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Every culture and language has a collection of wise sayings that gives advice about how to live your life. These are the so-called proverbs.
In Greek, they are called: οι παροιμίες.
Of course, when you start learning Greek, it is useful to start learning the Everyday Greek Wishes and very common Greek expressions first,
so you are welcome to click here and download our free eBook + English translation and Audio.

However, apart from the basic and daily vocabulary, it’s fun to know some common Greek proverbs because you will hear them frequently.
Learning Greek proverbs can also help you to understand more about the Greek culture or the way people think in Greece!
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Eftihia Papagiannopoulou was the first and potentially most important female lyricist of the Greek music scene. She penned countless „laika and rembetika“(*) songs, many of which became Greek song hits and are sung and danced to even nowadays.

Papagiannopoulou was born in Aydin near Smyrna (now Izmir) in Asia Minor in 1893, which she had to abandon due to the Greco-Turkish War (1919-22) and the Great Fire of Smyrna in 1922. She emigrated to Greece and arrived by boat to Athens with her two daughters.

Initially, she was married to Kostis Nikolaidis; it was an arranged marriage with a man 20 years her senior. Papagiannopoulou divorced him shortly after arriving in Greece. She got married again in 1932 to Yorgos Pappagiannopoulos, who was the only man she really loved in her life. Weiterlesen

Technology changes non-stop, for good or for bad, but we try to focus on the good 🙂

Audio and Podcasts really help to learn Greek, so we also do our share, to keep you happy!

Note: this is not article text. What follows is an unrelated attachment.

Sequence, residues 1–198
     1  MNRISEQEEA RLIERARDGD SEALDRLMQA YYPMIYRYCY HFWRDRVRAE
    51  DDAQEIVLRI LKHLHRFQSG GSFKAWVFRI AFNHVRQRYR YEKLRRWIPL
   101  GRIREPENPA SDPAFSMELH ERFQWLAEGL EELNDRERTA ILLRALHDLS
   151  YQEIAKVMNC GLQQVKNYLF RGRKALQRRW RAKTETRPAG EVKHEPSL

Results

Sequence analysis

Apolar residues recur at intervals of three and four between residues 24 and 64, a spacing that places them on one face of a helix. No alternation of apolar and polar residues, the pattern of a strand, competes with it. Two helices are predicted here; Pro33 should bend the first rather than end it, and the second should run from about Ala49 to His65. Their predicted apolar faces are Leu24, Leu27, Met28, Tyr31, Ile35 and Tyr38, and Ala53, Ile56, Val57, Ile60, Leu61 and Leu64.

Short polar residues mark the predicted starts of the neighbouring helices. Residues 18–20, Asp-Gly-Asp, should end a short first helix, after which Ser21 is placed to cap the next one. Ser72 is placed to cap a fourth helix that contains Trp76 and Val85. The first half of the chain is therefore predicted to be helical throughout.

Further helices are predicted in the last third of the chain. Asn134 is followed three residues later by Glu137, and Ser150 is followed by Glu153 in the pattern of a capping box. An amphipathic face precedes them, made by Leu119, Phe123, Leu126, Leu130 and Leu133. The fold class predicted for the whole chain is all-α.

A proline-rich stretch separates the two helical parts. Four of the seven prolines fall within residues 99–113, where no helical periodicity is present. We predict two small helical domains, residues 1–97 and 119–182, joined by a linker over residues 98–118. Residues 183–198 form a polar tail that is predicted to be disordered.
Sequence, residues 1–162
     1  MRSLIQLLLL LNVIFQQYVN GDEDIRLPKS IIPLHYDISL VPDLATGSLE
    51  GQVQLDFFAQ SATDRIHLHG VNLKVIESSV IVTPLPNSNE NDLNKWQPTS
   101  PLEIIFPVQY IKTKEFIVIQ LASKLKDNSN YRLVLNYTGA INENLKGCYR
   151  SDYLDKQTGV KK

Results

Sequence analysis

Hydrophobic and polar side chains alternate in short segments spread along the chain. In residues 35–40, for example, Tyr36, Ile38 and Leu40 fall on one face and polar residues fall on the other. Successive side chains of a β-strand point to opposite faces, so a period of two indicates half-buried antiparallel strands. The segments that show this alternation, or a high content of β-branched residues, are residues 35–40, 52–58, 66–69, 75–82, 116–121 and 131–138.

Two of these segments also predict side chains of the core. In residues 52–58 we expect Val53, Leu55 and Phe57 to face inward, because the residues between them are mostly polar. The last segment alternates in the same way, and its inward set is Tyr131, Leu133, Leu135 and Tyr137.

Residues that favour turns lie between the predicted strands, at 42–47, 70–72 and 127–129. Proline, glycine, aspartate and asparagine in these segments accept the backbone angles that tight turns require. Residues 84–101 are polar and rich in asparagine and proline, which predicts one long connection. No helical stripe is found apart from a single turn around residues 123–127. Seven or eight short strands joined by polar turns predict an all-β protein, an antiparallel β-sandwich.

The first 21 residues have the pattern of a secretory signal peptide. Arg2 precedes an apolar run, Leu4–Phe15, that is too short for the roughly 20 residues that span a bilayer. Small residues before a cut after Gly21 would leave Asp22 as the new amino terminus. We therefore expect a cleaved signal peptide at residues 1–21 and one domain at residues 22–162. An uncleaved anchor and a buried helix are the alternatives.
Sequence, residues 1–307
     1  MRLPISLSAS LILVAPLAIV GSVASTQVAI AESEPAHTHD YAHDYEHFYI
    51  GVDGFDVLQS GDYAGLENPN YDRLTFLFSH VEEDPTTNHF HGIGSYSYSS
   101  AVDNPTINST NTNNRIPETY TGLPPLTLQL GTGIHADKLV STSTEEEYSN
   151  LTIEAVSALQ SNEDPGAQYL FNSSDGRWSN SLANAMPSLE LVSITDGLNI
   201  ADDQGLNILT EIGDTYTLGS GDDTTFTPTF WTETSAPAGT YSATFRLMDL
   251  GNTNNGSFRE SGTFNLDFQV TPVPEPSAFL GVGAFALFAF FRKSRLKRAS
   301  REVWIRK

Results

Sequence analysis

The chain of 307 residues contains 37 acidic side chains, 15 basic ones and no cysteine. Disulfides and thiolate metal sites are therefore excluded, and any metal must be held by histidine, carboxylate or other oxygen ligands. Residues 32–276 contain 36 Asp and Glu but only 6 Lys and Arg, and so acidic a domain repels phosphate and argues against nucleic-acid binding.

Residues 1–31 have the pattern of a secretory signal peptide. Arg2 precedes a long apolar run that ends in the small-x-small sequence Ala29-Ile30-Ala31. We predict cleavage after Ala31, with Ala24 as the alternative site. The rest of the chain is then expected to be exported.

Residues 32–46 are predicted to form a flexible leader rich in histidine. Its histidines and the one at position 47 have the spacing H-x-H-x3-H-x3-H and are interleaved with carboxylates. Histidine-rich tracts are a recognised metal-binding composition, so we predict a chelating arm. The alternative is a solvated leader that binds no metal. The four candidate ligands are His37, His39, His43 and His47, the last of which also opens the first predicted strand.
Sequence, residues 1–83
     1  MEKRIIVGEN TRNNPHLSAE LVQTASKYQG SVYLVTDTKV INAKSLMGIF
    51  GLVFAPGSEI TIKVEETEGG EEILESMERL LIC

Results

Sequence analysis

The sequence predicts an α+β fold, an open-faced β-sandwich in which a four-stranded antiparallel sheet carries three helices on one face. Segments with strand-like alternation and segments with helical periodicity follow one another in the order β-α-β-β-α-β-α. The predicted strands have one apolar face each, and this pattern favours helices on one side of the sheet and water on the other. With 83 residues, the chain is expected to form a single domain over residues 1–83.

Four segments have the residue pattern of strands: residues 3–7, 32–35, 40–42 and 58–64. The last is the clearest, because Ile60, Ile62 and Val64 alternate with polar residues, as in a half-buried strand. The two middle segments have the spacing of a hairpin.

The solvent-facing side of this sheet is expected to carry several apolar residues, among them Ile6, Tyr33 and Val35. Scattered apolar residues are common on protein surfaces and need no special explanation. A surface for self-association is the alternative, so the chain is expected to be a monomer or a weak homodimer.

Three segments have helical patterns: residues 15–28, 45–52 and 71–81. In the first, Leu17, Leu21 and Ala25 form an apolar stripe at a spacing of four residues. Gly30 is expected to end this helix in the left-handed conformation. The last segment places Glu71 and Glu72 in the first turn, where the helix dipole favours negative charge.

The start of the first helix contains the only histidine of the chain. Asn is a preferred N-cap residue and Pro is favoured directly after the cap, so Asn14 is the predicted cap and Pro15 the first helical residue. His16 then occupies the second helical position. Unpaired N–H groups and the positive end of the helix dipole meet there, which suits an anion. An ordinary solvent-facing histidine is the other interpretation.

For your info,  during the past „corona-year“, we have worked on various audio files and audiobooks, which are available online, and….we will start with Podcasting from next month 🙂 We here give you a small overview of the Omilo-materials, related to AUDIO. The perfect Greek language materials to keep you motivated, while improving your Greek and learning new things about Greece.

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Discover the works of the greatest representative of ancient Greek comedy, Aristophanes, through cleverly illustrated comics versions of his plays and learn more about the importance of comedy in ancient Greece.

Comedy in ancient Athens

Ancient Greek comedy was one of the three main dramatic forms of theatre in classical Greece; the other two were tragedy and the satyr play.  The term classical Greece refers to the period from the beginning of the fifth century B.C and the death of Alexander the Great in 323 B.C. It was a period of intense conflict, first between the Greeks and the Persians, then between the Athenians and the Spartans. Aristophanes used the political circumstances of his time as the historical context for his comedies. Weiterlesen

Two Greek verbs that many Beginners and even Intermediate students find quite confusing are ‘παίρνω’ and ‘περνάω or περνώ’. Apart from the slightly different spelling, the main obvious cause of this confusion is the accentuation; it’s just a twist of the accent that makes these two words sound differently.